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NPR moves its streaming to Triton Digital

NPR and Triton Digital 500w


National Public Radio Digital Services (NPR DS) will move its streaming technology to Triton Digital this fall, transitioning its member stations from Limelight Networks, the current streaming technology provider. An email notifying stations of the change was sent last Thursday.

Part of the email referenced “high levels of frustration with the reliability of the service as well as its ability to help stations monetize their streams,” according to Current.org. “After exploring a range of options, we opted to transition to a new provider that could support and optimize this important digital channel for stations without disruption.”

Steadier service and better monetization (using TAP, the product acronym for Triton Advertising Platform) are key points for Thomas Hjelm, NPR’s Chief Digital Officer who migrated from the same role at WNYC in April. “We believe this step will provide Member stations with improved audio service and functionality, as well as greater opportunities for monetization.” (Government regulation of public radio sponsorship messages applies only to terrestrial broadcast, not digital extensions.)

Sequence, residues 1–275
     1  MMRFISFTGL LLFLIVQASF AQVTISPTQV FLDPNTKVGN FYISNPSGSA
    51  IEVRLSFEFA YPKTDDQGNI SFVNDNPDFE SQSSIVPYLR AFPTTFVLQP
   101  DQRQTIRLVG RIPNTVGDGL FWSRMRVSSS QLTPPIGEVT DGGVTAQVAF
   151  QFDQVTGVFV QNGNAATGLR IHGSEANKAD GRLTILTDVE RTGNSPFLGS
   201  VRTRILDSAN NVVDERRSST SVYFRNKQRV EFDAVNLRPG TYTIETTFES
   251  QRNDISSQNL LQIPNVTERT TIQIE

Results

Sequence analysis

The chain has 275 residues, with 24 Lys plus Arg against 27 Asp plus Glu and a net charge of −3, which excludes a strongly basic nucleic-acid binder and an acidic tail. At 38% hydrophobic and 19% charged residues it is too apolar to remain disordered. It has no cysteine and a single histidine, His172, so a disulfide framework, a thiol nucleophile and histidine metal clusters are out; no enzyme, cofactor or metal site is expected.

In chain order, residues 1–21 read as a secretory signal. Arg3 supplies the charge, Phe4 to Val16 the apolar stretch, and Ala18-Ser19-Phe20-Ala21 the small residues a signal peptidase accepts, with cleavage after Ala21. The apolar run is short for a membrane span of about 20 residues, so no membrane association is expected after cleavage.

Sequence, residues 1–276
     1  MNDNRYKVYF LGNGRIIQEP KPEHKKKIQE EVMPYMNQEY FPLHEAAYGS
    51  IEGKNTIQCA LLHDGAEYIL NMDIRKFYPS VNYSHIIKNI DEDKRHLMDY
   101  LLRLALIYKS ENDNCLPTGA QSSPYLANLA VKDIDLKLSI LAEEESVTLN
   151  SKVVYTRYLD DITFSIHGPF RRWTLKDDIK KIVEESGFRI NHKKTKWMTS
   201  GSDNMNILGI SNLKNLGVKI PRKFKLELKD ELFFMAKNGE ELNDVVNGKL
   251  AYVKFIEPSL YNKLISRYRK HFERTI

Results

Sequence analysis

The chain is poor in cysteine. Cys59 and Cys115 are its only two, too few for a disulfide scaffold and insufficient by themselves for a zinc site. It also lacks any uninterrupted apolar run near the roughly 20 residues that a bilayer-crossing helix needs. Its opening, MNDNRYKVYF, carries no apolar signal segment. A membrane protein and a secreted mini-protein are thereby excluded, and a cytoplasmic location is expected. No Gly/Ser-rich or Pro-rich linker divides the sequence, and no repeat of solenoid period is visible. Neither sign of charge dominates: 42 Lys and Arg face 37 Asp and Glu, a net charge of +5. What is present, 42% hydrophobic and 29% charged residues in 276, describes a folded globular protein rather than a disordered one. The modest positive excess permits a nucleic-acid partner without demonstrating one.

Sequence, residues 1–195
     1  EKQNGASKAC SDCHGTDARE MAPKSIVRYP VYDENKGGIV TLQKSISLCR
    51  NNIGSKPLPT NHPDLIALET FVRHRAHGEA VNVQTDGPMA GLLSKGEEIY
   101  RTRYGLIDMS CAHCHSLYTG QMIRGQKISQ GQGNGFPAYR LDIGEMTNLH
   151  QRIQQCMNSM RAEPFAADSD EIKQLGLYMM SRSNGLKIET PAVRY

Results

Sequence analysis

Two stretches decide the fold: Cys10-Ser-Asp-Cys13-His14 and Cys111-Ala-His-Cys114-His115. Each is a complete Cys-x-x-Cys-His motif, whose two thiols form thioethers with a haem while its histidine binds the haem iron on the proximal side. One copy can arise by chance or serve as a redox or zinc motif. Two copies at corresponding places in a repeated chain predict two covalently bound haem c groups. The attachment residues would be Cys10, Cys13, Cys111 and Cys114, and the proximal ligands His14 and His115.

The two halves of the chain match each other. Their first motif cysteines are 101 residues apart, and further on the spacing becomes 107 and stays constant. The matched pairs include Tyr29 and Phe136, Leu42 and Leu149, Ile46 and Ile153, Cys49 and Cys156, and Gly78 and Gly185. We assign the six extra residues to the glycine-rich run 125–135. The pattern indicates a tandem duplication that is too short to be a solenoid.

NPR Digital Services already does business with Triton, having signed on to Triton’s Tap Podcast platform in February for selling its on-demand audio inventory.

“We are pleased to expand our relationship with Triton and look forward to providing stations with an upgrade to streaming services that will further enable them to take advantage of the tremendous growth of online audio,” said Stephanie Miller, Managing Director of NPR Digital Services.

An uptick in streaming audience synchronizes nicely with NPR  DS’s decision to invest in an improved technology backbone. One year ago, growth of network cume on the streaming side had leveled off. But a June report from NPR Digital Services announced: “2016 looks very different.” Listening hours were up 14% year-over-year for the first quarter, and cume was up 8%. The report noted that talk and music programming both benefited from the growth across 240 measured stations.

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